November 16th, 2012

WORDS YO

Me No Have Words

Fallow time in my blog. These times happen. I'm having trouble motivating myself to organize thoughts into interesting entries.

At least many, many others are using words well. I got to see Laura Anne Gilman (suricattus) use them well at a reading and signing last night at Murder By the Book. She read from Collared, a "cozy" mystery that's Book 1 in a new series for her (this one written under a pen name, L.A. Kornetsky). I've been liking Gilman's urban fantasy stuff, especially her Bonnie Torres books (think if CSI teams could use magic), and this sounds fun and winning; I'll read it at some point. Didn't buy a book last night, as I'm A) trying to act poor so I don't get REALLY poor and B) still in "get rid of things I no longer need" mode. But I did get to say "hi" in person to Ms. Gilman, with whom I've had decent dealings on my various online places.

Glad I can still pop in and say "Yeah, I'm still alive." Hoping you are the same.
Baron2

Edith Wharton was *really* modern

Because I am large and contain multitudes, I'm reading at the same time (well, not literally, one book in one hand the other book in the other, because that's awkward and I'd never assimilate either book that way) the published screenplay to Beowulf, the film Rogar Avary and Neil Gaiman wrote that Robert Zemeckis directed, and the Edith Wharton collection Roman Fever and Other Stories. I'm really appreciating Wharton, for among other things her clean writing style and her damn cutting observations. I also saw her story "The Angel at the Grave," where her use of the word "Cimmerian" made me wonder, until I saw that she'd written the story in 1901, whether she was a fan of Robert E. Howard. (Maybe she was, later when Howard was actually writing. Heck, she outlived him...) She meant the Cimmerians of the regions approximately north of the Black Sea, but that was over 2,500 years ago and the evidence of exactly where the Cimmerians lived is no longer conclusive. Still, they work as a reference for "hella ancient," and Howard liked the word, too. (Come to think of it, maybe Howard was a Wharton fan...)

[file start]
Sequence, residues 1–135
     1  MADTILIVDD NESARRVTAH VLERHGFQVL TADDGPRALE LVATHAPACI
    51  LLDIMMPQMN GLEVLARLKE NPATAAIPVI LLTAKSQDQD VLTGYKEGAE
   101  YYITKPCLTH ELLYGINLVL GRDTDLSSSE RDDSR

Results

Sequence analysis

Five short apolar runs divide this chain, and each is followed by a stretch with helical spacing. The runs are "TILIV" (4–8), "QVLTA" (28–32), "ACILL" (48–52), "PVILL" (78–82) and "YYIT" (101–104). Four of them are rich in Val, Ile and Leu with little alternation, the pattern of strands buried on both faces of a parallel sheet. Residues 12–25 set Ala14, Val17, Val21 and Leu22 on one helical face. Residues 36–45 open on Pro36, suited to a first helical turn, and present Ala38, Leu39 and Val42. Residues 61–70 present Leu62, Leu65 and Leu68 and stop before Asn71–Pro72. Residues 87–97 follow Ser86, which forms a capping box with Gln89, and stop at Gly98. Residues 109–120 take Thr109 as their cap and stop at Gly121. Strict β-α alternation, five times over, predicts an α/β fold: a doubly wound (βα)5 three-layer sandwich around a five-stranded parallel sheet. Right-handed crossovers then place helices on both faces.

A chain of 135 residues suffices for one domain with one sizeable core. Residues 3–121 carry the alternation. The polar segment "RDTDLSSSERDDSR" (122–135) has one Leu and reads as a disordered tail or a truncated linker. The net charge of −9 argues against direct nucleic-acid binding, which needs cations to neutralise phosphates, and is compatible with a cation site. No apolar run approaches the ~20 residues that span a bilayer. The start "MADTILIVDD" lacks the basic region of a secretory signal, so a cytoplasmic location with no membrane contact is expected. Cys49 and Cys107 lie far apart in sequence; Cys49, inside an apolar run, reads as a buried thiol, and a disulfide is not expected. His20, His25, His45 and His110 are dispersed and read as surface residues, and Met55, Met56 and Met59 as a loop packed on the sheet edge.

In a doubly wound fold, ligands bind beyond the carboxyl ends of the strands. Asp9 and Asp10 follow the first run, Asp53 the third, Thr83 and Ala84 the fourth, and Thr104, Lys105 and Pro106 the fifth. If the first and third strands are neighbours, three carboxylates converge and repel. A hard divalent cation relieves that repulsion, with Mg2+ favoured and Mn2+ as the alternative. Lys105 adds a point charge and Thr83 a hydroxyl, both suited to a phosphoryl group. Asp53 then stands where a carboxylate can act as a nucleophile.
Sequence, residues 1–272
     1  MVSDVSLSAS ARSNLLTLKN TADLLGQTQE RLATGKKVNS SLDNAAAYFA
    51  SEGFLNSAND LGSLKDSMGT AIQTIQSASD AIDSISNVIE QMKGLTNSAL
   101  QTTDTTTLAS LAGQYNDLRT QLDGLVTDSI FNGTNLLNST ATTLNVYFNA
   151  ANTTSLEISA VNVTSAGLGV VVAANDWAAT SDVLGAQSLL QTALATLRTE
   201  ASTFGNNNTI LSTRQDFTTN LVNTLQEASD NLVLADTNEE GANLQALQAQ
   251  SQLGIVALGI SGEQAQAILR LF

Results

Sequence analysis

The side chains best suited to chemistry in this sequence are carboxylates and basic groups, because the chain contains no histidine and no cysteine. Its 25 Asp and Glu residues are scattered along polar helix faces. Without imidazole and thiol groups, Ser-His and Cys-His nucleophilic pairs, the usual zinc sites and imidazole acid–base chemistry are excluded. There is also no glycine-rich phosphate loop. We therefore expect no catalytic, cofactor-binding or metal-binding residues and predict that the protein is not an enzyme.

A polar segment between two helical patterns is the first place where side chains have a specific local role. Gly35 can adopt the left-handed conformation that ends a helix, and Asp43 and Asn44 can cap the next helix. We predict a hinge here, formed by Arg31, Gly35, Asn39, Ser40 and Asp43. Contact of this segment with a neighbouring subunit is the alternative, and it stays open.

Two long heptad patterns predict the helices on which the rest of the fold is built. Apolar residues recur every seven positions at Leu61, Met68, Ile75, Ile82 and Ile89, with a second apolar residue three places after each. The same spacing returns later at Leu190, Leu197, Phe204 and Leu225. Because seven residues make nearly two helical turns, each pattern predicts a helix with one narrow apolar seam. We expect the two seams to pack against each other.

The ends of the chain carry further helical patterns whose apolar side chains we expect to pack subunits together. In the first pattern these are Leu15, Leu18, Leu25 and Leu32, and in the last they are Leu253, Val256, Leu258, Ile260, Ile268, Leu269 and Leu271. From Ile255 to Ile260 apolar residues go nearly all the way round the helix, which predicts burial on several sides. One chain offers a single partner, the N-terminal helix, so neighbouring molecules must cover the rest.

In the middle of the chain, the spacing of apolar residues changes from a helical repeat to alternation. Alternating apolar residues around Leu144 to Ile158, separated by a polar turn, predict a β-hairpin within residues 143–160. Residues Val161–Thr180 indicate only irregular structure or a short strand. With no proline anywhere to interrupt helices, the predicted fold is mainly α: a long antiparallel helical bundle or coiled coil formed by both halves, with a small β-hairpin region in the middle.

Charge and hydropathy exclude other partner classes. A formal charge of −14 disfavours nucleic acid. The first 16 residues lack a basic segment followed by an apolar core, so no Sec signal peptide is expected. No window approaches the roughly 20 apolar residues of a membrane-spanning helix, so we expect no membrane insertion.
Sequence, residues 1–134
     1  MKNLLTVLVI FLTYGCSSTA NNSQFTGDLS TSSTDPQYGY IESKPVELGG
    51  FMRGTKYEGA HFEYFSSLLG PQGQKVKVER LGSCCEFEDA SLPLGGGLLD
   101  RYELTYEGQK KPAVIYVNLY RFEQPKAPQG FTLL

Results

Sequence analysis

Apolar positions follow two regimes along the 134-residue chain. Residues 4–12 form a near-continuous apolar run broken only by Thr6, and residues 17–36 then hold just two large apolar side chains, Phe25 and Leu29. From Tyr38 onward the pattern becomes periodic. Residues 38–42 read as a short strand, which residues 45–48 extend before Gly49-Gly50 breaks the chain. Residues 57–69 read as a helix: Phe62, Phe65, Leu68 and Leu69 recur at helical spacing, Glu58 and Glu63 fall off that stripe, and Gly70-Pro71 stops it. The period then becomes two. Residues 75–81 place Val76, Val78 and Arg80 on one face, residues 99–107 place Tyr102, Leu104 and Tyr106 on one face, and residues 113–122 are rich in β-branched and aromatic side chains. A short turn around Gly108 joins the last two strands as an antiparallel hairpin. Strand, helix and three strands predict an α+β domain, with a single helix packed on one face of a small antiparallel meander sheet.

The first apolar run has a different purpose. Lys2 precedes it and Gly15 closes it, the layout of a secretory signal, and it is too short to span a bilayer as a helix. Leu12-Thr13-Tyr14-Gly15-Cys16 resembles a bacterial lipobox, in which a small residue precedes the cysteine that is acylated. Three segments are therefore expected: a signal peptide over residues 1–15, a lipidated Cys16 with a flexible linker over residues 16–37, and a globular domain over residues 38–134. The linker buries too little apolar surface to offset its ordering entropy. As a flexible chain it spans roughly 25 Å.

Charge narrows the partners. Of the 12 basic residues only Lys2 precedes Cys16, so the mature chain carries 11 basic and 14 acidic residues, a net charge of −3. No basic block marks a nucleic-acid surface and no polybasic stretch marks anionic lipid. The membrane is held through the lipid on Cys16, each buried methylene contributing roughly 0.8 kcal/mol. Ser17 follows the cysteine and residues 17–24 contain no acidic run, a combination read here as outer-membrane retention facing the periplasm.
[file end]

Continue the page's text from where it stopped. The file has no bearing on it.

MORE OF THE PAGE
"The Angel at the Grave" is about a granddaughter of a major figure in literature and science who plans and tries to keep his intellectual memory alive at the expense of her own life. As one part of this, she spends years writing his biography -- and runs into a publisher who flat-out says Nope, we're not interested in publishing that. How does his reasoning sound?

He's a name still, of course. People don't exactly want to be caught not knowing who he is; but they don't want spend two dollars finding out, when they can look him up for nothing in any biographical dictionary.

Wharton likely wouldn't have been surprised that nowadays, a hundred-plus years after she wrote that, people are increasingly likely not to want to spend anything to find out or support stuff, even stuff they want to know.

Why yes, I just listened to this Cort and Fatboy episode about how hard it can be to make your living creatively and to get people to pay you for your output; are you surprised? It's on my mind.
  • Current Music
    The Beatles, "Let It Be"